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Your Toronto 2014 Issue Navigator

How the candidates compare on some of the city's biggest issues.

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Newsstand: May 7, 2014

It’s Wednesday. Happy official launch to the provincial election campaign! Who wants to bet they don’t make a greeting card for that? In the news: the ombudsman has a good day at City Hall, Doug Ford mulls over a mayoral bid, the average price of a detached home in Toronto nears $1 million, and the Raptors' GM speaks out against the Nigerian kidnappings.

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Yesterday was a good day for Toronto Ombudsman Fiona Crean. She was at City Hall to defend her scathing report of the Toronto Community Housing Corporation’s human resources practices, which ultimately led to the departure of CEO Gene Jones. Council voted to endorse Crean’s report, and also passed a motion to extend the ombudsman’s powers to City corporations. Councillor Ana Bailao (Ward 18, Davenport)—who is also a TCHC board member—pledged that the beleaguered public housing agency will do better in the future.

With Mayor Rob Ford in rehab somewhere on planet Earth, Councillor Doug Ford (Ward 2, Etobicoke North) was left to hold the fort at the council meeting yesterday. In what was either a show of solidarity with his brother or a case of simply forgetting where he was, Councillor Ford was seen sitting in the mayor’s council seat at points during the meeting. Curiously, he also refused to confirm to reporters whether or not he was considering a mayoral bid himself in his brother’s absence. King of the caps-lock press release, Councillor Giorgio Mammoliti (Ward 7, York West) gave his support to a Doug Ford mayoral campaign by affixing a handwritten “Doug Ford” sign to the mayor’s nameplate in what was likely an attempt at humour. Several other councillors chimed in that they would not support Doug Ford if he chose to ran for mayor, including Councillor Denzil Minnan-Wong (Ward 34, Don Valley East) who must have been wearing his diplomatic pants yesterday, saying, “I don’t believe he has what it takes to be mayor. With respect.”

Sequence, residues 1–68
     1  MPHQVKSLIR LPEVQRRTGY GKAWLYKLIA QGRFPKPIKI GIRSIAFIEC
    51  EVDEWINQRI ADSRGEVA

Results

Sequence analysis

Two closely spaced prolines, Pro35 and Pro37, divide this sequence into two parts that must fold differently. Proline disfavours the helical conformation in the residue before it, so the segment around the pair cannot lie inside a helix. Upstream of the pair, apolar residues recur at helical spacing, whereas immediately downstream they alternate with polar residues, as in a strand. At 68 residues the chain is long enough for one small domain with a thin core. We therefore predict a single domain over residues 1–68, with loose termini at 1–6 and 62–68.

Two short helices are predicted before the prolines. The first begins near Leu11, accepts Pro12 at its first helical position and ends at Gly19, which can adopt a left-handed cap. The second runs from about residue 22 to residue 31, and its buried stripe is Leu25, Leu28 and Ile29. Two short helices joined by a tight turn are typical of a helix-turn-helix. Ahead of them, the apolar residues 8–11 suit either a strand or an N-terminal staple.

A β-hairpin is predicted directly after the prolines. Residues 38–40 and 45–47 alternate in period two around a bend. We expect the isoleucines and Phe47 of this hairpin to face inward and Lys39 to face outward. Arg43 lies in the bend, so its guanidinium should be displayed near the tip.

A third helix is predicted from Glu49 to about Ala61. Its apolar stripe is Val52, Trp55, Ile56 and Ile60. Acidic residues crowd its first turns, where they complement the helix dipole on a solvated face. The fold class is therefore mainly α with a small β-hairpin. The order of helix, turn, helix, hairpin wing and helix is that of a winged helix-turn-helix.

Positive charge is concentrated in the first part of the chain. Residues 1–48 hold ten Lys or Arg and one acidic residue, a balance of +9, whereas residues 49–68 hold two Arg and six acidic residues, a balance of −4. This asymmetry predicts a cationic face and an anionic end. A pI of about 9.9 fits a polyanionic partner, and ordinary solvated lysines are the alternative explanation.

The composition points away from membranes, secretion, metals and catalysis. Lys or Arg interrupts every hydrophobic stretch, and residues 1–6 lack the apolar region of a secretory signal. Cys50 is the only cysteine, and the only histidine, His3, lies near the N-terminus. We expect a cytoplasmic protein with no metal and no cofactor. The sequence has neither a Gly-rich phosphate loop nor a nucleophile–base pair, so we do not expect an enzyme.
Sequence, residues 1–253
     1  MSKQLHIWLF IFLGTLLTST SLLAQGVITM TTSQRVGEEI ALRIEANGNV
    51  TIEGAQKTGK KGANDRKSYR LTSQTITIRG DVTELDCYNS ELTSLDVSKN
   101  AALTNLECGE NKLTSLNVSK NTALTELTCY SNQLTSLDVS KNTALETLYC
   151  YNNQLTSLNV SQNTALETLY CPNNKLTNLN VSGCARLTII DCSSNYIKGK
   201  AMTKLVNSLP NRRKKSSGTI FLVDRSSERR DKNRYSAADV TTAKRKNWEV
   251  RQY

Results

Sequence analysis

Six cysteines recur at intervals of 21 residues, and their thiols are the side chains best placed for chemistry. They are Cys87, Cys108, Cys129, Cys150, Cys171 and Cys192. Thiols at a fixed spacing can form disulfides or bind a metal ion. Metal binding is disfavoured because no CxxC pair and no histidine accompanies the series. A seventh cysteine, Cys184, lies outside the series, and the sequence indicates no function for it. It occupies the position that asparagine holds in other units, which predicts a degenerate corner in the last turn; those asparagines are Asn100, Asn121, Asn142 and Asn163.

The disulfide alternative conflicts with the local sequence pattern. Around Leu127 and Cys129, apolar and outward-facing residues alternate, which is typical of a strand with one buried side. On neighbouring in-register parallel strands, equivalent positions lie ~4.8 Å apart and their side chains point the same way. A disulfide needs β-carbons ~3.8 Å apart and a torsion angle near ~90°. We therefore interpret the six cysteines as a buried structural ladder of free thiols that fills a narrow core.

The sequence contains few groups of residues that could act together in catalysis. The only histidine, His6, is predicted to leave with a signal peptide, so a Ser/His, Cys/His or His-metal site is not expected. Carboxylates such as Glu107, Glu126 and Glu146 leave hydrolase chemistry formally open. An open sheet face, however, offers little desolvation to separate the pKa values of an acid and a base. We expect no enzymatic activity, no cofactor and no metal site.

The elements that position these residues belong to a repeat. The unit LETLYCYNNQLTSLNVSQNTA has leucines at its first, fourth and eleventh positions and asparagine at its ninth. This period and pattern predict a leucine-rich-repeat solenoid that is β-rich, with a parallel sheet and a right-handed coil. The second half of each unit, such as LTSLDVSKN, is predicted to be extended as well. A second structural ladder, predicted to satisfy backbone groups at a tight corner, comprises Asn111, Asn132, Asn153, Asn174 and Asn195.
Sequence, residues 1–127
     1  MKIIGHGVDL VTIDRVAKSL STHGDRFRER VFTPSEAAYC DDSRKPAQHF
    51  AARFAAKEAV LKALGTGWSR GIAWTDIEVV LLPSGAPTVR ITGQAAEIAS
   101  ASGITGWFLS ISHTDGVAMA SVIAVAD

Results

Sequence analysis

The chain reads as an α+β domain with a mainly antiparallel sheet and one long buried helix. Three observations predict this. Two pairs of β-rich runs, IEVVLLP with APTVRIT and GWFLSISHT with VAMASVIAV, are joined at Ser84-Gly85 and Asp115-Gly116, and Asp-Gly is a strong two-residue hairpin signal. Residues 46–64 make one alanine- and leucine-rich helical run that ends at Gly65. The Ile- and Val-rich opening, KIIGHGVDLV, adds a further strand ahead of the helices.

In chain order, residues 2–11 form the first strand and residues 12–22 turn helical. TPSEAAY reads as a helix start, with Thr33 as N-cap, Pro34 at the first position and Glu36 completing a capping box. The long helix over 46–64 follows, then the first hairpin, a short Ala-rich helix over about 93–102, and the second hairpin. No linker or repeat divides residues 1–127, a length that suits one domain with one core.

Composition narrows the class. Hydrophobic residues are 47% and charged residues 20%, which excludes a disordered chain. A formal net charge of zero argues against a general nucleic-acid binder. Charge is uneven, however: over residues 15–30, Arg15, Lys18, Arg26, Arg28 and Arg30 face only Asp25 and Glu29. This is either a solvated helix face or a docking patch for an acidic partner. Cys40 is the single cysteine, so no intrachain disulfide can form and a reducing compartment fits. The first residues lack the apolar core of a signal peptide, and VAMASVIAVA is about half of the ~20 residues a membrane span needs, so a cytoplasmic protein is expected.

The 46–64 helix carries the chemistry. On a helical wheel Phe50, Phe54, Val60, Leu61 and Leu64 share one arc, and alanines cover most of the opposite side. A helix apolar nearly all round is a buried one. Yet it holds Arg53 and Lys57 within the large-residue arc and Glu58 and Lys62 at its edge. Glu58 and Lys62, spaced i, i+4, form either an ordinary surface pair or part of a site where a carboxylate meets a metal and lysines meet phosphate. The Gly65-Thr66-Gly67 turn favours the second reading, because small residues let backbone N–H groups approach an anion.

Rising demand and a shortage of new listings have helped to push home prices up by an average of 10 per cent since April 2013, according to new figures released on Tuesday by the Toronto Real Estate Board. The biggest price jump was seen in semi-detached homes, which jumped 18 per cent to an average sale price of $702,332. Detached home prices rose 13.3 per cent, with the average price reaching $965,670 last month. Just a decade ago, the average detached home in Toronto sold for $486,489. With active listings down 8.4 per cent, house hunters have fewer options to choose from and are getting desperate to enter the Toronto market before prices rise even higher. According to the Toronto Real Estate Board, this trend of above-market growth will continue until more home listings become available for a sustained period of time.

Yesterday, Toronto Raptors General Manager Masai Ujiri spoke out about the kidnappings of nearly 300 schoolgirls in Nigeria, as reports surfaced that Islamic militant group Boko Haram had taken more young girls from homes in the northeast of the country. Ujiri was born and raised in Nigeria, and still has family in the country. He called for Nigerian authorities and outside governments to increase rescue efforts. “These are young women and young children,” said Ujiri. “They need opportunity, and it’s not the opportunity of anything else but life and to be free.”

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